Sunday, November 20, 2011

Jesse McReynolds talks about how his mandolin-playing and Jerry Garcia led to his long, strange, musical trip

Those of you who care know that I'm working on a book or two containing my own back pages while trying to carve out an income. Just so you don't think I've forgotten about you, here's a story that appeared a bit over a year ago in The Westview, the paper that became the Nashville Ledger. If you want to read this, I'd also suggest you sample some of the music.

The 81-year-old mandolin-playing, iconic country traditionalist doesn’t feel at all out of place playing songs embedded in fans’ hearts by Jerry Garcia and The Grateful Dead.
Doesn’t sound out of place either, reckons Jesse McReynolds, noting that he and his late brother, Jim, and their Virginia Boys were a source of inspiration for Garcia and his band mates.
“I think the whole thing is that Jerry would have liked to have been a bluegrass picker,” says Grand Ole Opry star and bluegrass legend McReynolds, relaxing at his home in Gallatin.
“He liked doing the old songs like the ones I grew up listening to,” says the mandolin player who has carved out a unique niche in American music by implementing his adventurous spirit.
That spirit is on full display in his newest album Songs of the Grateful Dead: A Tribute to Jerry Garcia & Robert Hunter.
Hunter, who put the words to Garcia’s melodies for decades, even contributed an original to this collection, in large part because he was taken with the tribute project, credited to “Jesse McReynolds & Friends with David Nelson and Stu Allen.”
The latter two have deep ties within the Grateful Dead universe. Nelson is a member of the New Riders of the Purple Sage, a band he founded with Garcia and John “Marmaduke” Dawson. Allen is a former member of Dark Star Orchestra – a Dead tribute outfit -- and is a member of JGB (formerly the Jerry Garcia Band, the late Dead leader’s primary outside outlet.)
“I got to know Robert (Hunter) some through Sandy,” says McReynolds. Sandy Rothman and Garcia took a pilgrimage to the South back in 1964, the idea being to capture on tape traditional country and bluegrass acts. A particular favorite of Garcia’s was Jim & Jesse’s band.
McReynolds and Rothman became friends when the bluegrass star began pondering a Dead tribute record. “Sandy told me the story about how he and Jerry used to travel in the 1960s, before the Grateful Dead.
“They followed us around. But he was too shy to talk to us. Jerry was a bluegrass fan and he was interested in our music. The only thing I regret is that I didn’t get the chance to meet him. But I do listen to their music. My wife is a big Deadhead.’’
Actually, it was due to that “Deadhead” – “Joy ‘n me are 15 years married. She’s 50-something” – that McReynolds seriously began to select the Dead songs he’d like to replicate in his own special fashion.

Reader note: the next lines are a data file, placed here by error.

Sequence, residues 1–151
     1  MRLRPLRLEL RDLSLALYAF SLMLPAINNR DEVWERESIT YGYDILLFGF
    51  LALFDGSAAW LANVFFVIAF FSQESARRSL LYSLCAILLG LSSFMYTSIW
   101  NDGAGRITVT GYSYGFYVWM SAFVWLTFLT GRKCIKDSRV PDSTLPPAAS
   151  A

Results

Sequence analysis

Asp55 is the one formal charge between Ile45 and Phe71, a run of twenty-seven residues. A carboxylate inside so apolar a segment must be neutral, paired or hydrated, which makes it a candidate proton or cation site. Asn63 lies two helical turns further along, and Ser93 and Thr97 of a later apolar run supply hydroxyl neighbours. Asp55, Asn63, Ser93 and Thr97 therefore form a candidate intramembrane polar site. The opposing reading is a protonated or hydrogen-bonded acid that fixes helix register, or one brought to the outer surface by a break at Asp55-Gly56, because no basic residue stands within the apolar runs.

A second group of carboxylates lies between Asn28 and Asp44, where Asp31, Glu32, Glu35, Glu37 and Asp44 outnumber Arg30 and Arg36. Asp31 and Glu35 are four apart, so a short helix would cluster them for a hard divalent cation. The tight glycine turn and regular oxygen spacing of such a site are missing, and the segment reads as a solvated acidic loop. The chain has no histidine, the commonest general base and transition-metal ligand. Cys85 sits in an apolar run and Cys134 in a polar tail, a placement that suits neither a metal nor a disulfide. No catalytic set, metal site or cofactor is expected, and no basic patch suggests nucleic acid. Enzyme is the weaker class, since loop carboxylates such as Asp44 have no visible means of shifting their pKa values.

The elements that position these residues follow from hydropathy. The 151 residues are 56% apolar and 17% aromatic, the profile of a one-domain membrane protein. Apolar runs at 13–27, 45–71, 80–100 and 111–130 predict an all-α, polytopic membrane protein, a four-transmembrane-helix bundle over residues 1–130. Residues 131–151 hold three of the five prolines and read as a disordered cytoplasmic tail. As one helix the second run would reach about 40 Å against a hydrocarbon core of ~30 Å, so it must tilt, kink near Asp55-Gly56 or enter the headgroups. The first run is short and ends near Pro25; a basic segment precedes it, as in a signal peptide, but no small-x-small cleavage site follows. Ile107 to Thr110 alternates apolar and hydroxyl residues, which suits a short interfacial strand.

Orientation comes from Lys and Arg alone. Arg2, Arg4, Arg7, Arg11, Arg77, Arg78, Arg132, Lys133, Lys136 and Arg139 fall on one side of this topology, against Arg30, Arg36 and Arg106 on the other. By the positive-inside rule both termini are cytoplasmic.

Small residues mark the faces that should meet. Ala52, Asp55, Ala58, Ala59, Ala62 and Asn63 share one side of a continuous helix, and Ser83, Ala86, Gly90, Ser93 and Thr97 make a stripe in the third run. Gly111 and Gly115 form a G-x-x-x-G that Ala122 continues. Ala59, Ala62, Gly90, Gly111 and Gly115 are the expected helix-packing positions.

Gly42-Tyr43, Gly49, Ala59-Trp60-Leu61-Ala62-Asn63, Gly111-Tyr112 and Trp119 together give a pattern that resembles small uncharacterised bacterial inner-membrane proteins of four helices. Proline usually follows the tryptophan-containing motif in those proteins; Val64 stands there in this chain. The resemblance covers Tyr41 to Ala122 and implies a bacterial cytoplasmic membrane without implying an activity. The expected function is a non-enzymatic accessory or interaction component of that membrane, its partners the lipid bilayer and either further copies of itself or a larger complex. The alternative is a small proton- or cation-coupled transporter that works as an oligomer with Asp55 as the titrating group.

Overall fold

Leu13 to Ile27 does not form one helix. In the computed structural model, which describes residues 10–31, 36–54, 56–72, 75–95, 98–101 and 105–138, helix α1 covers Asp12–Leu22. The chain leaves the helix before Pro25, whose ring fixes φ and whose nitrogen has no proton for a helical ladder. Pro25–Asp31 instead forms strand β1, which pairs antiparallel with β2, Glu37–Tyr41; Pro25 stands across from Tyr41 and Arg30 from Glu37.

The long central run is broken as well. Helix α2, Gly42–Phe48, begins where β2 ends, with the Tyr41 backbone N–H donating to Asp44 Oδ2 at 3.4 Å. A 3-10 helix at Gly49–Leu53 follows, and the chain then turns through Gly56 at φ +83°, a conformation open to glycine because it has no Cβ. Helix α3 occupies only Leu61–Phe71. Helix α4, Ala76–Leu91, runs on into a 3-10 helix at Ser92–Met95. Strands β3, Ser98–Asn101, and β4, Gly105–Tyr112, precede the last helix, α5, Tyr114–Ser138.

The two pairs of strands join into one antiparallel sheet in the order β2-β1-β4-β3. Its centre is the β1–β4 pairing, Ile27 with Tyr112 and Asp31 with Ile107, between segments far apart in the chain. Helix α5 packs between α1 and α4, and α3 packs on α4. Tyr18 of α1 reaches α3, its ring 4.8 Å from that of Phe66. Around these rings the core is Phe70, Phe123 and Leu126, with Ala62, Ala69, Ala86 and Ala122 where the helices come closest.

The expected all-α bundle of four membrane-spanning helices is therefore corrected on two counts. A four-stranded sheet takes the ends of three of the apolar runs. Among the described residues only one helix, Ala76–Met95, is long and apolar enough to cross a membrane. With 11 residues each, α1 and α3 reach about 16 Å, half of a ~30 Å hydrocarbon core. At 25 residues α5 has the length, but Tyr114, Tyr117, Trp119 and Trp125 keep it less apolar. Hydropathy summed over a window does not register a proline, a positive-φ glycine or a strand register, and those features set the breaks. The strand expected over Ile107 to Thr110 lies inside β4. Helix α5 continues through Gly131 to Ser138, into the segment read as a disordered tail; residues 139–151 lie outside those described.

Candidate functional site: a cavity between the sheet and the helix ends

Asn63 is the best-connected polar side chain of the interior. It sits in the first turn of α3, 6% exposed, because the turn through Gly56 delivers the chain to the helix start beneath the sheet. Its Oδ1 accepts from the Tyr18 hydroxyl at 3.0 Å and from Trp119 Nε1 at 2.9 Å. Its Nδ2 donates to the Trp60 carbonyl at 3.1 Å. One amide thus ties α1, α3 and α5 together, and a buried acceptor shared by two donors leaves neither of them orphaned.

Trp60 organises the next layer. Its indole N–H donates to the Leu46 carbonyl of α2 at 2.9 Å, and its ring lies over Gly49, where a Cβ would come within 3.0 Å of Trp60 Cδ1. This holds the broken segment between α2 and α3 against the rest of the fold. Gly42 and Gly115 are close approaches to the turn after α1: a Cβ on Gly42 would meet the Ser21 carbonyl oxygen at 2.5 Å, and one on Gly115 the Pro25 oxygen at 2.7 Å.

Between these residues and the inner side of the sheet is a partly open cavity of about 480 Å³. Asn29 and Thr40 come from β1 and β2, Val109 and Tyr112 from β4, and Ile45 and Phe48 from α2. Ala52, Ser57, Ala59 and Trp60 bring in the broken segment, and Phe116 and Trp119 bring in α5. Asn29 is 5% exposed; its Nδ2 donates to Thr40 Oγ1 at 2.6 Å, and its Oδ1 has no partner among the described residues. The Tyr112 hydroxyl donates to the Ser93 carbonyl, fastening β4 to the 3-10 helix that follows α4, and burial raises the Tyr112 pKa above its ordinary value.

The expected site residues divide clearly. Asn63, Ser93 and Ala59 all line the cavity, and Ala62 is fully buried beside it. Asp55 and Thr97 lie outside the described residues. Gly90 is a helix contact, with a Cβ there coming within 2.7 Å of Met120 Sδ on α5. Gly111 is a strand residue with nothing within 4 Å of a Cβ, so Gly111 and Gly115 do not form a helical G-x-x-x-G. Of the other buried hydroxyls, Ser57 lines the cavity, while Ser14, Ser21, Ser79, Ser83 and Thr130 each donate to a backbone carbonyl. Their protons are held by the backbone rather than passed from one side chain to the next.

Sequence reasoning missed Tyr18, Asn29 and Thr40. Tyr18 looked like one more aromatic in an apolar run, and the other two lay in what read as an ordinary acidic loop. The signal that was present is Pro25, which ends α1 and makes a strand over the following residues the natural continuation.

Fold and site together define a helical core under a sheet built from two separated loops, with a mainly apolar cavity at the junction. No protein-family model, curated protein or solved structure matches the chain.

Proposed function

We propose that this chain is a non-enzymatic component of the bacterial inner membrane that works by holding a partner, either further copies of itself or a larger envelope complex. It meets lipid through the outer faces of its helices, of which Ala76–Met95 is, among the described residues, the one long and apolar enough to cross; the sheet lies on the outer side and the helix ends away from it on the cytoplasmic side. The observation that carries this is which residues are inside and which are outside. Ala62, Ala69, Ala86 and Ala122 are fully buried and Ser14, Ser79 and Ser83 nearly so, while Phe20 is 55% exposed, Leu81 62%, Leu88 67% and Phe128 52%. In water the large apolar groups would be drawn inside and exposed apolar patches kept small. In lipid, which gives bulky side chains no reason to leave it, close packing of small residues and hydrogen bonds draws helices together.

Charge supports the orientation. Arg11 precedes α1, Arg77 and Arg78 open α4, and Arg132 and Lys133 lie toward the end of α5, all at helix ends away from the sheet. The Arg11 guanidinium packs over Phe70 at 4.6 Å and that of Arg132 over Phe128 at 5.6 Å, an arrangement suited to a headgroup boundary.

“She knows every song that the Dead ever done,” says McReynolds. “She was such a big help on me playing this project. She’d tell me how it goes.”
McReynolds met his current wife in the mid-1990s, when he was touring as one half of Jim & Jesse.
And what started as a business meeting – she was interviewing the McReynolds brothers for a New Jersey country publication – developed into something much more for Jesse, whose first wife, Darlene, died in 1993.
“We didn’t see each other for a long time, but….” laughs McReynolds, adding that his wife brought her Grateful Dead albums with her to Gallatin.
Listening to that music, much of which is built on traditional American music’s shoulders, convinced him that he could do a tribute record and stay true to the sound of that iconic rock band.
After all, it’s not that Jesse McReynolds and his late brother (Jim died of throat cancer in 2002) had ever been afraid of taking risks.
“I’ve recorded for a lot of different groups,” says the mandolin star. Of course, many were just studio tracks he was laying down in Nashville and neither knew nor particularly cared on whose album they would end up.
But he was hand-picked by Jim Morrison, the erratic genius behind The Doors, to play mandolin on The Soft Parade album. While “Touch Me” was the big hit from that 1969 album, “Runnin’ Blue,” with its lonely intro “Poor Otis dead and gone, left me here to sing his song,” is a Doors fan favorite. And Jesse McReynolds’ mandolin provides just the effect Morrison was seeking.
It also should be noted that Berry Pickin’ in the Country -- a 1965 tribute to rock ‘n’ roll workingman’s poet Chuck Berry – remains atop the stack of McReynolds fan favorites.
“That was one of the highlights of my recording career,” says McReynolds. “No bluegrass group had ever tried anything like that before.”
Bluegrass pickers always have shared some of the free spirit of rockers, but the musical forms seldom intersected, a notable exception being Elvis’ reworking of Bill Monroe’s “Blue Moon of Kentucky.”